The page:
Dragonflies and damselflies as model organisms in ecology and evolution
Friday seminar by Erik Svensson
Evolutionary biology, and to a lesser extent ecology, is currently very focussed on a few traditional and well-known study systems that are tractable either in the field or in the laboratory, e. g. guppies, fruitflies, flycatchers and red deer to name some well-known cases. This is unfortunate, since a greater diversity of study organisms is important to the future of these two fields and to be able to adress and answer a broader set of interesting research questions. One interesting and relatively underutilized group of organisms that seems to be on the rise and is rapidly increasing in popularity among biologists are odonates (dragonflies and damselflies). This is reflected by a recently pubished research volume by Oxford University Press ("Dragonflies and damselflies as model Organisms in ecological and evolutionary research". Cordóba-Aguilar, A.,editor. 2008. OUP, Oxford).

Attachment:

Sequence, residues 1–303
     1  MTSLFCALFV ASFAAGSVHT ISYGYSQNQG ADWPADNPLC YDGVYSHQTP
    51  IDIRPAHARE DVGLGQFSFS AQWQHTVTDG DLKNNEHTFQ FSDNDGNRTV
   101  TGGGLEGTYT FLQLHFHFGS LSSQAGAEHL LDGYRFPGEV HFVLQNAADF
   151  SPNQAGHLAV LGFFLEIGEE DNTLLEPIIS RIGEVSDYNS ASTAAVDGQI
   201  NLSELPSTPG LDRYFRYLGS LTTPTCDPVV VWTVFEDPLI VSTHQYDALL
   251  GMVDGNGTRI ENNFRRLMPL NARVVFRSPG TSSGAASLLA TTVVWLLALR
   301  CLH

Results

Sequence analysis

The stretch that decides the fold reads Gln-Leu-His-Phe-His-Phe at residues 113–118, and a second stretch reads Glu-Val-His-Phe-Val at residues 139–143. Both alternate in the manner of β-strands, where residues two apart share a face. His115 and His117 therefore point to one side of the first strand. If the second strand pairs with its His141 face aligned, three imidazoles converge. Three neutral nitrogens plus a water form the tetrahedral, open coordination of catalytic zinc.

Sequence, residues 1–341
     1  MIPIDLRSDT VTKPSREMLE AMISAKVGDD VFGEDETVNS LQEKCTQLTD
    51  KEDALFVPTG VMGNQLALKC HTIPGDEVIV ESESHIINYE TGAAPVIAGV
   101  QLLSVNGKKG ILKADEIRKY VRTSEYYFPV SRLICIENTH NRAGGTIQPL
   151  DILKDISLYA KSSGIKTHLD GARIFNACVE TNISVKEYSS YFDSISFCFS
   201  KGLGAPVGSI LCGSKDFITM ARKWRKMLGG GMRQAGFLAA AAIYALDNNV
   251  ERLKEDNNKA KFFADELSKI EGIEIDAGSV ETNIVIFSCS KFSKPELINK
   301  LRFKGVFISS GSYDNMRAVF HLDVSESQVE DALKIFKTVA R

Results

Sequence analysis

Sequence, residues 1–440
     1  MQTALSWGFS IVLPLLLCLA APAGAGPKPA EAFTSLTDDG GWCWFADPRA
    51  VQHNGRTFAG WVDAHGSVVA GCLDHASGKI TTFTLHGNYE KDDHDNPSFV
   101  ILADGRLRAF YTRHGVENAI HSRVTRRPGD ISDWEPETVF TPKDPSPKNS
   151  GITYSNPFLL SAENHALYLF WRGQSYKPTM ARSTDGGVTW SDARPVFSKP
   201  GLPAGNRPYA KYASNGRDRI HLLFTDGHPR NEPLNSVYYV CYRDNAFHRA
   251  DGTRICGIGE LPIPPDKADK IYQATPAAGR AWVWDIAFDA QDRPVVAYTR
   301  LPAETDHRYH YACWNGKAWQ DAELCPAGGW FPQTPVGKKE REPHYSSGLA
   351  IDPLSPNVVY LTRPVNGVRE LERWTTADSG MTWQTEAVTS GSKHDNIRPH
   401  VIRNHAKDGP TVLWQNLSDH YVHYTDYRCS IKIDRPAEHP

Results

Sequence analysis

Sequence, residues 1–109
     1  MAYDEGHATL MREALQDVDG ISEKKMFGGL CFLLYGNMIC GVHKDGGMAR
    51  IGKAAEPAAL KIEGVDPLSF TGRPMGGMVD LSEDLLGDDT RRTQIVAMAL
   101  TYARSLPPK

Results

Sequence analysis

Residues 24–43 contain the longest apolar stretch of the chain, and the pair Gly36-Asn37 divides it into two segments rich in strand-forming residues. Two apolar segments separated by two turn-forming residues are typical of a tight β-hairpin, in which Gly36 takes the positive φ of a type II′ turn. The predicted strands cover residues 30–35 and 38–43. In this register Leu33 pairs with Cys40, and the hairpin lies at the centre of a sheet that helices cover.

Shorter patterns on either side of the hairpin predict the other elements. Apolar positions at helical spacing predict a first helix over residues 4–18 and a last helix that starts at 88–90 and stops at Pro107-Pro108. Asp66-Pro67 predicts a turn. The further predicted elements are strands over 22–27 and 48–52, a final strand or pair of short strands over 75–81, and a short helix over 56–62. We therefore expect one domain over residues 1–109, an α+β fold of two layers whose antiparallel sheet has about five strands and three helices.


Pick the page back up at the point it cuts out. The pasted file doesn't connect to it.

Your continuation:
In my talk, I will discuss the use and utility of dragonflies and damselflies as model organisms in ecological and evolutionary studies. I will illustrate my talk with some recent examples of odonate studies both from my own research laboratory as well as from other research groups. Odonates are particularly suitable in comparative population biology, natural and sexual selection in the wild, evolution of colour patterns, sexual selection and sexual conflict, polymorphism maintenance and in speciation processes and the causes of sexual isolation. In addition, odonates are also becoming popular in studies of phenology, range expansions and the links to climate change, as well as in contemporary conservation biology. Hopefully, my talk will stimulate further research interest in this fascinating group of insects in the future.
Professor (Animal Ecology), Department of Ecology, Lund University, Sweden